%I
%S 3,10,10,3160
%N Least k>1 such that binomial(2k,k) is not divisible by any of the first n odd primes.
%C The Erdős paper states that it not known whether the smallest odd prime factor, called g(n), of binomial(2n,n) is bounded. See A129488 for the function g(n). Lucas' Theorem for binomial coefficients can be used to quickly determine whether a prime p divides binomial(2n,n) without computing the binomial coefficient. It is probably a coincidence that 3, 10 and 3160 are all triangular numbers.
%C Extensive calculations show that if a(5) exists, it is either an integer greater than 13^12 or if it is a triangular number then it is greater than 2^63. [Comment modified by _Robert Israel_, Jan 27 2016]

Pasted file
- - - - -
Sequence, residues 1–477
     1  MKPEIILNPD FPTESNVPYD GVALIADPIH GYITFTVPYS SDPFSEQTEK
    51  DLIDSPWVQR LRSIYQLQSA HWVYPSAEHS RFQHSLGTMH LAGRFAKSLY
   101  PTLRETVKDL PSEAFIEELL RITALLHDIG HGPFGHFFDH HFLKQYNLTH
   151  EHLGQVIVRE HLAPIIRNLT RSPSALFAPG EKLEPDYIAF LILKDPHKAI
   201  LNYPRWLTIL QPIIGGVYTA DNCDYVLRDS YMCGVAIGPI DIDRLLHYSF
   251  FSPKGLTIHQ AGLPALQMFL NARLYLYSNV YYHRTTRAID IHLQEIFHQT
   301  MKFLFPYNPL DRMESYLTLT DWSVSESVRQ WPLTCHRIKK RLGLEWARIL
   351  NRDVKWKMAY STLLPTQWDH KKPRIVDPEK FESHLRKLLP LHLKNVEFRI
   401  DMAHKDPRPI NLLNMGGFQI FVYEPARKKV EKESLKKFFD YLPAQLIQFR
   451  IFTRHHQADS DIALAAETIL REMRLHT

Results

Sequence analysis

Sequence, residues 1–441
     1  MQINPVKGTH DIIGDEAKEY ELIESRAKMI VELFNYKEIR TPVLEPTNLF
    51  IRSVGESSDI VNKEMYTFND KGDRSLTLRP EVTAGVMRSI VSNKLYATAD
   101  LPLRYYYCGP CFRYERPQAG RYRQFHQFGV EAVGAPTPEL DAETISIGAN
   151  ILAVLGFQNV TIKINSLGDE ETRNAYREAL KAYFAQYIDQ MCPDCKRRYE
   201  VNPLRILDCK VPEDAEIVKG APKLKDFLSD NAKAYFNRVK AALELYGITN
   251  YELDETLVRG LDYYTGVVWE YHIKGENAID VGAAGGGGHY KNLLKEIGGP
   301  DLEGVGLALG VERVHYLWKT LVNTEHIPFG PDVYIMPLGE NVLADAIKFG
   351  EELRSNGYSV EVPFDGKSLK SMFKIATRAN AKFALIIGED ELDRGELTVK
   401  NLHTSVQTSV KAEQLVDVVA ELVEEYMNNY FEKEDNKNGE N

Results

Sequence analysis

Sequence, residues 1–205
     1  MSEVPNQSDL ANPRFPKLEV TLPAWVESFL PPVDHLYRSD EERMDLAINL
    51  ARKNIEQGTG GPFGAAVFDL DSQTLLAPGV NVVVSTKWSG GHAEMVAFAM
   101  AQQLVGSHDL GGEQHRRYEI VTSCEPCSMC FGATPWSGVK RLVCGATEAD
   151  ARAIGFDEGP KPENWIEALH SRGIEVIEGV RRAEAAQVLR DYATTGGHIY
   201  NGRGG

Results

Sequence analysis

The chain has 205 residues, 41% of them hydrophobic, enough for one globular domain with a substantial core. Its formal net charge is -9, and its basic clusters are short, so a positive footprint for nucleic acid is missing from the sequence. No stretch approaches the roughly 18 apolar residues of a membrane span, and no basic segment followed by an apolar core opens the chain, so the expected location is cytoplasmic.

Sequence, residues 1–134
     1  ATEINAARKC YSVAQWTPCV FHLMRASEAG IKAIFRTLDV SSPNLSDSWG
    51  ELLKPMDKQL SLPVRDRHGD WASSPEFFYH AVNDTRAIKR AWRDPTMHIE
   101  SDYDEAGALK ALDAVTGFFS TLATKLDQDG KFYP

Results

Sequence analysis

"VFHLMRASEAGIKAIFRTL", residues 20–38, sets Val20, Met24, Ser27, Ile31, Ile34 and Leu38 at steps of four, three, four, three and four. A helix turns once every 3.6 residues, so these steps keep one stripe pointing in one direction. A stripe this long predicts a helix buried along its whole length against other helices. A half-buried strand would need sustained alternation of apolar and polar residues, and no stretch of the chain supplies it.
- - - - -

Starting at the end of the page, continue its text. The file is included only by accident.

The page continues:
%H P. Erdős, R. L. Graham, I. Z. Russa and E. G. Straus, <a href="http://dx.doi.org/10.1090/S00255718197503692883">On the prime factors of C(2n,n)</a>, Math. Comp. 29 (1975), 8392.
%H Eric Weisstein's World of Mathematics, <a href="http://mathworld.wolfram.com/LucasCorrespondenceTheorem.html">Lucas Correspondence Theorem</a>
%F a(n) <= A266366(n+1) for n > 0.  _Jonathan Sondow_, Jan 27 2016
%e For n=1, binomial(6,3)=20, which is not divisible by 3.
%e For n=2 and n=3, binomial(20,10)=184756 is not divisible by 3, 5 and 7.
%e For n=4, binomial(6320,3160), a 1901digit number, is not divisible by 3, 5, 7 and 11.
%t Table[k = 2; While[AnyTrue[Prime@ Range[2, n + 1], Divisible[Binomial[2 k, k], #] &], k++]; k, {n, 4}] (* _Michael De Vlieger_, Jan 27 2016, Version 10 *)
%o (PARI) isok(kk, n) = {for (j=2, n+1, if (kk % prime(j) == 0, return (0));); return (1);}
%o a(n) = {my(k = 2); while (! isok(binomial(2*k,k), n), k++); k;} \\ _Michel Marcus_, Jan 11 2016
%Y Cf. A000984, A129488, A030979 (n such that g(n)>=11), A266366, A267823.
%K bref,hard,more,nonn
%O 1,1
%A _T. D. Noe_, Apr 17 2007